After years of leading schools, studying my doctorate at Peabody/Vanderbilt, and starting to educate my own children, I have forged some strong convictions about education. For starters, schools should focus more on teaching students how to think instead of what to think. For example, a student might not use the water cycle he learns about in 4th grade to apply to a university or for a job one day (not to mention all of us forget most things that we memorize within days). However, a child who understands cause and effect, the flow of processes, and design and purpose, will not just be able to explain the water cycle, but be able to transfer such knowledge to other domains (which is exactly the kind of applicant that admission offices and bosses want). Secondly, we should maximize learning according to the students’ readiness (developmental appropriateness). For instance, you can teach a child to read before he is neurologically ready, but he will associate reading with stress, whereas a child who learns to read when he is ready will associate reading with positive emotions and more likely becoming a self-driven, life long reader.
Based on our context in Charleston, many preschools teach students how to think and so through developmentally-appropriate instruction. Whether you call it “child-centered”, “whole-child”, “play-based”, or refer to philosophies such as “Montessori”, “Waldorf”…, these are developmentally-based strategies to teach children how to learn (cognitively, physically, socially, emotionally…). Charleston has a strong preschool market and you can choose from many schools where your child will excel in these areas while also in a caring environment (as long as there is not a waiting list!). However, these schools are not addressing the short window where children can acquire another language with native fluency. Fluency does not come from short language classes. Students need 4-7 years in an immersion environment to gain such fluency.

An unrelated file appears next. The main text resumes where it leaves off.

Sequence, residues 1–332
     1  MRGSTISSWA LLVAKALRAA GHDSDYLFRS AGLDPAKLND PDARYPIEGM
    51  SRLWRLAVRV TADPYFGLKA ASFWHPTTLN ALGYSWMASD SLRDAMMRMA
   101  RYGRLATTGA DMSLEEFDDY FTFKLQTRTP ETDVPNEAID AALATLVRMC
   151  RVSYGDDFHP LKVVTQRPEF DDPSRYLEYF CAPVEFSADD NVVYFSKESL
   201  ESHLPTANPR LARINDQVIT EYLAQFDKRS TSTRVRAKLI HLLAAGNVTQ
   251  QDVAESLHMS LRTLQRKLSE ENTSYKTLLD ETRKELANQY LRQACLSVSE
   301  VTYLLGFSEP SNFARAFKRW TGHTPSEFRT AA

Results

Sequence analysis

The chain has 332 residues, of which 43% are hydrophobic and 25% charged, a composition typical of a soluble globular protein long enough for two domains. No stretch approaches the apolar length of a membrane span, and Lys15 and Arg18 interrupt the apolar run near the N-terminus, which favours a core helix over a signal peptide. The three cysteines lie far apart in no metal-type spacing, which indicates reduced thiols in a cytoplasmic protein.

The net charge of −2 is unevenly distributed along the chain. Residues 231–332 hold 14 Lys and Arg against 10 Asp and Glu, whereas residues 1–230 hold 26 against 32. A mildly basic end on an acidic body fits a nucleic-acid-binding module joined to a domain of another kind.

The Clapham Group is able to leverage its strong relationships with the local and international Latino networks and combine it with best practices in child-centered, play-based curriculum, to provide Charleston with its first Spanish immersion preschool. From ages 3-5, students will receive 50% of their instruction/activities in Spanish and 50% in English. In 2014 we will add a Kindergarten program, and in 2015-2016, the school will add first grade. We will then consecutively add 2nd-8th grade over the following 7 years. Based on comparable markets in Atlanta, Jacksonville, Charlotte, and Greenville, the school will not be able to accommodate the demand, creating a waiting list for parents who wish to enroll their children. As parents consider the full research, they are realizing that children in a dual-immersion preschool will achieve every skill that is offered in the top preschools throughout the city, while also acquiring a second language. They are choosing immersion programs because they know their child will lose that opportunity in just a few years.